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Entries in dog training (5)


Day 142 in 2019

Time for a puppy/training update? Gimli is now 34 pounds of pure, opinionated energy. Thankfully, he's also smart, eager to please, and generally a good boy. We still train about three times a day, usually after each meal, and do our best to take turns so he'll listen to everyone. He graduated at the top of his intermediate obedience class at Pet Smart and he's got all the basics down pat. We are comfortable enough with his recall that we can now play fetch on the 30 foot check leash in our (unfenced) backyard without incident, even if the neighbors are out (even if their DOGS are out!), and that's been a game changer on the energy release front. In addition to the basics, he now knows how to roll over, "chill" (lay on his side, specifically for nail trims), shake with both paws, spin in both directions, weave through the handlers legs, give a high five, sit pretty, go to his "place", and "touch" (nose to palm, which will be invaluable if/when we start agility and high level trick training). He can heal on the left and "come by" on the right and does so very reliably, which was my best answer to our overly social dog on walks and has become a very good first line of defense in that area. Actually, he now walks with very good manners a majority of the time (no pulling, no rushing, even when rabbits suddenly and surprisingly dart out from under bushes right in front of him). And in the picture above you can see him working on "exile", the command we've used with all of dogs to keep them out of the kitchen/dining area when we wanted. He definitely looks like he feels exiled.

So we're coming along, if we could just get the jumping under control! But I've been reassured but numerous trainers and dog people that jumping is the hardest habit to break, and usually just takes time and maturity. We'll get there.


Day 125 in 2019

Intermediate class...


Day 72/365

Stellar long lead stay as a dog is walked by across the street! This is what we're really working on right now—being able to ignore distractions of the two and four legged variety, whether they are near or far. Of course, when those distractions are near I make sure he is on a short lead and I offer encouragement, in the form of treats and a reminding voice, but when those distractions are distant, say across the street, we can work on distance obedience as well, meaning asking him to listen to commands even while I am many feet away and he feels like he is off leash. It's going well.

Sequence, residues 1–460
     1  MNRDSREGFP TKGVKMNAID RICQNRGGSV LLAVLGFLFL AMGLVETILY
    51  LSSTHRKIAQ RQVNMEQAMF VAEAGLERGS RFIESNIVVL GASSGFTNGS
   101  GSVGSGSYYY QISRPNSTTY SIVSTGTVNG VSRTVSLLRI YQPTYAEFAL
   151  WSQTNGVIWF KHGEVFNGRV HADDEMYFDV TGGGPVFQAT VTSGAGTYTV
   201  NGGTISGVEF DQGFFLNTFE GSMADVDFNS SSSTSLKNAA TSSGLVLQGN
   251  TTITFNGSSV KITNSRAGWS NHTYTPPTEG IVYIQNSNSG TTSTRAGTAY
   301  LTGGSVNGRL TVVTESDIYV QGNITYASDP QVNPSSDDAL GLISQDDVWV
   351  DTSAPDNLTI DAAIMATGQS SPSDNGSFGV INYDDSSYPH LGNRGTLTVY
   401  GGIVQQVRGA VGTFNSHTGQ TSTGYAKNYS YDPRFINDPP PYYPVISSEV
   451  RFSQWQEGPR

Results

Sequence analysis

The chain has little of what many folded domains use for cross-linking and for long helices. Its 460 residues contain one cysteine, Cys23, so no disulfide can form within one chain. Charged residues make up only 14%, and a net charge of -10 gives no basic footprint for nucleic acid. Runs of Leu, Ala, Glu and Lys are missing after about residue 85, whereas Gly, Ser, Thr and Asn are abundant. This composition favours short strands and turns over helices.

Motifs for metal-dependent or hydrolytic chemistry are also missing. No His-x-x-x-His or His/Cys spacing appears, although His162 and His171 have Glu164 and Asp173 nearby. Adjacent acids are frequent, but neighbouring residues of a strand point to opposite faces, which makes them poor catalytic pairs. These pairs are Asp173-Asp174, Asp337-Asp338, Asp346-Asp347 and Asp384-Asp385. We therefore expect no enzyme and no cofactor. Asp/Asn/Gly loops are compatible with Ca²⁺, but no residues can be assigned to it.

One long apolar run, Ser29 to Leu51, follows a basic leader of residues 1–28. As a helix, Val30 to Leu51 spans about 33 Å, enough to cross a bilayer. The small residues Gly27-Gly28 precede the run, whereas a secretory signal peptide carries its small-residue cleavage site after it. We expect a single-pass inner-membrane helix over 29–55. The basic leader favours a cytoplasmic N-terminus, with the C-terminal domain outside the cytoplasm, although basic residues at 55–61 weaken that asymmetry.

Photo 65/365

Gimli, or really all of us, graduated from puppy class tonight. Puppy class for us was a little like public school is for Calvin—he is doing most of his learning still through home but takes a couple of classes at the public school for the experience and the fun. Well, we still get most of our training tips for Gimli from Zak George via YouTube, but taking puppy class was a means of enrichment for Gimli, and a source of distraction training as well. And I won't lie, the having him do as well as he did at puppy class was very affirming.

Training is going very well at home. We are still doing at least three focused training sessions a day, ideally one session with each of us. He's very solid on all the basic commands and we've had to start adding more tricks to his repertoire to keep him engaged. So far he's got shake, high five, spin, chill, roll over, speak, and weave (between the legs) down pat. We are also introducing distance commands (a method for practicing for distractions), and we've started taking some of our training sessions outside on the long (30 foot) lead. He's a rock star. He loves to learn new things, loves to please, and really, really loves his food.